Regularly writing for The Guardian on issues relating to social affairs, public and third sectors, and welfare and disability issues, Saba aims to inform on the impact long-term austerity continues to have on those with learning disabilities as well as concerns for the long-term effects of lockdown during the COVID-19 crisis.

Made Possible: Lizzie’s story

Singer-songwriter Lizzie Emeh in a film for the book, Made Possible.

Londoner Lizzie Emeh says that she comes alive when she’s on stage – “like someone’s plugged me into the mains”.

You can get a glimpse of her performance in the short film we shot together to mark the publication of my book, Made Possible: stories of success by people with learning disabilities – in their own words.

Lizzie wasn’t expected to live beyond her third birthday, according to doctors. Today she’s a successful singer-songwriter, making history as the first solo artist with a learning disability to release an album of original songs to the public.

Lizzie’s talent was spotted at an open mic night run by arts charity Heart n Soul, where she’s now a key artist.

‘Made Possible’ is edited by Saba Salman and published by Unbound. Available from the usual booksellers like https://amzn.to/3fMJMXh

Made Possible: Shaun’s story

Human rights campaigner Shaun Webster, in Made Possible, stories of success by people with learning disabilities – in their own words

A complete joy working with campaigner Shaun Webster, who describes his life in my upcoming book ‘Made Possible, stories of success by people with learning disabilities.’

Shaun, who I filmed with pre-lockdown, explains what drives him and how he defied those who told him he’d never achieve anything.

Made Possible shows how and why people’s potential should be supported, and that we all benefit when this happens. It couldn’t be a more apt book for our current times.

Pre-order Made Possible from the usual booksellers like https://amzn.to/3fMJMXh or see if your local bookstore can order it for you. For updates, follow #MadePossible and @Saba_Salman on Twitter and Instagram and the Facebook.

Changing the perception of learning disability

Raana Salman baking. Photo: Nicola Bensley

Say the words “learning disability” to most people and they will probably think of headlines about care scandals or welfare cuts. That’s if they think of anything at all.

As I write in a new piece for Byline Times, the latest figures from NHS England show that more than 450 people who have died from the Coronavirus since 24 March were recorded as having a learning disability or autism. According to the Care Quality Commission, there has been a 175% increase in unexpected deaths among this group of people compared to last year.

Mainstream media coverage of the Coronavirus reflects a nonchalance. Give or take the odd exception, the reporting has failed to acknowledge the impact of the pandemic on the UK’s 1.5 million learning disabled people like my youngest sister Raana.

Outside of COVID-19, if learning disability issues hit the headlines, they usually reinforce stereotypes about “vulnerable people” unable to fend for themselves. And when a story makes the media, it rarely includes direct words from someone with a learning disability.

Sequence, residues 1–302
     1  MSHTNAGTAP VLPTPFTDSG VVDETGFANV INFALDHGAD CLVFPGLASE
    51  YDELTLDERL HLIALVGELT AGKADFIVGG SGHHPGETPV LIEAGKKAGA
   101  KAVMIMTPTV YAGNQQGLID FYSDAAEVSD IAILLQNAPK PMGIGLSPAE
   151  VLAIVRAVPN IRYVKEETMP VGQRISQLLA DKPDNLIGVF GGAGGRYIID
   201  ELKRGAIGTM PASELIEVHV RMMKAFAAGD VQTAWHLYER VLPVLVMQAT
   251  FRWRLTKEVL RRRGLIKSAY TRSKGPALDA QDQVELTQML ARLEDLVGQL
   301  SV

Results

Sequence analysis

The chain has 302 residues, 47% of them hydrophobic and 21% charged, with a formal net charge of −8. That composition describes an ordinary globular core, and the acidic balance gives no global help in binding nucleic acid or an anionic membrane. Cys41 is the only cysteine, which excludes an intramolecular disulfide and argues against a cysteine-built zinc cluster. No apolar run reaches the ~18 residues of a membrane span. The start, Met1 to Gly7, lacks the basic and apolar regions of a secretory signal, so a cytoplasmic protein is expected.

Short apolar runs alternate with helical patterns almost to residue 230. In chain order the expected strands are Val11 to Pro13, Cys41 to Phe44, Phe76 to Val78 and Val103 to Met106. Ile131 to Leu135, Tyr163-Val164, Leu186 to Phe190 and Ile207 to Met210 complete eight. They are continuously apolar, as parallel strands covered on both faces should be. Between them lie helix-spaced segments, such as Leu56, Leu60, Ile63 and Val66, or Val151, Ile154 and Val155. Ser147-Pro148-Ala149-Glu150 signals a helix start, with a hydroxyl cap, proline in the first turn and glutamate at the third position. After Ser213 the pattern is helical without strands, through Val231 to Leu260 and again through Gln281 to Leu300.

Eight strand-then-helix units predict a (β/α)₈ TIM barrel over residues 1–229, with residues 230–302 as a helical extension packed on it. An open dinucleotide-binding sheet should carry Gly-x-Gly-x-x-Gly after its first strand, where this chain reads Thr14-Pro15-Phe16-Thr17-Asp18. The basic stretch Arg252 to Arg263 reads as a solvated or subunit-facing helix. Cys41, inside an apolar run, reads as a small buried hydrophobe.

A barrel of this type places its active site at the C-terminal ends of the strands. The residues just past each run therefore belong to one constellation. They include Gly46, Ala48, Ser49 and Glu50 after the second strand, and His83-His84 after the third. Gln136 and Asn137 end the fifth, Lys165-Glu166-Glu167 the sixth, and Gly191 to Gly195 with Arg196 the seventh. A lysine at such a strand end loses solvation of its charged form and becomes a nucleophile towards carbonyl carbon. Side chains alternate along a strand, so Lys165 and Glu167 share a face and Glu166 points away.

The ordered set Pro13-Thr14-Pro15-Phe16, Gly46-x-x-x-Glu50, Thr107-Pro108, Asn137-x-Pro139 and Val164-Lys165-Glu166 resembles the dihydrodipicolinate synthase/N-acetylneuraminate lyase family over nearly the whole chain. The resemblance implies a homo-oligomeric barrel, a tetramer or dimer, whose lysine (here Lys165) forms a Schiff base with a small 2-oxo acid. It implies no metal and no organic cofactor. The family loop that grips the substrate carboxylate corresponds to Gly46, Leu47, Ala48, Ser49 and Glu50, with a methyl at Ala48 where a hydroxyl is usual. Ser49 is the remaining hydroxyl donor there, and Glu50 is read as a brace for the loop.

This is the reason for the book Made Possible: Stories of Success by People with Learning Disabilities. The anthology, which I edited and which is inspired by my sister, Raana, challenges stereotypes. The collection of essays does this through the stories of people whose achievements are awe-inspiring – regardless of their disability. 

To read the rest of my piece, go to Byline Times

Made Possible: Sarah’s story

I loved making this film with Sussex-based actor and campaigner Sarah Gordy, who describes her life in my upcoming book ‘Made Possible, stories of success by people with learning disabilities.’

The critically-acclaimed actor, who I interviewed pre-lockdown, explains how she prepares for her stage and screen roles and shares her tips on acting.

Made Possible shows how and why people’s potential should be supported, and that we all benefit when this happens. It couldn’t be a more apt book for our current times.

Pre-order Made Possible from the usual booksellers like https://amzn.to/3fMJMXh or see if your local bookstore can order it for you. For updates, follow #MadePossible and @Saba_Salman on Twitter and Instagram and the Facebook.

Coronavirus impact

Raana, left, on her 30th birthday in June last year. My family doesn’t know if we can celebrate with her this year.

My sister has a learning disability and I can’t visit her because of coronavirus.

Coronavirus has made enforced separation a universal experience, but there are additional and far-reaching challenges for learning disabled people and their families. I cannot visit my youngest sister, Raana, who has fragile X syndrome and lives in supported housing in Hampshire. My family has no idea when we will next see her.

Social distancing, self-isolation and a lockdown for the over-70s will have a seismic impact on Raana (our parents are in their 70s, our father has a lung condition). My sister’s social contact is now limited to support workers paid to care for her and her learning disabled housemates. She uses text messaging but dislikes phone calls and writing letters.

Raana thrives on consistency and routine, including dance classes, baking workshops and weekly shopping. Yet coronavirus means services are closing and people’s movements are restricted. Online equivalents are not the same and do not always appeal if you have communication difficulties. What will happen if her trusted support staff fall ill or she has to self-isolate? What if she needs help with personal care?

The 1.5 million learning disabled people in the UK are already among society’s most segregated people. Communities must not forget them, as I write in this Guardian piece.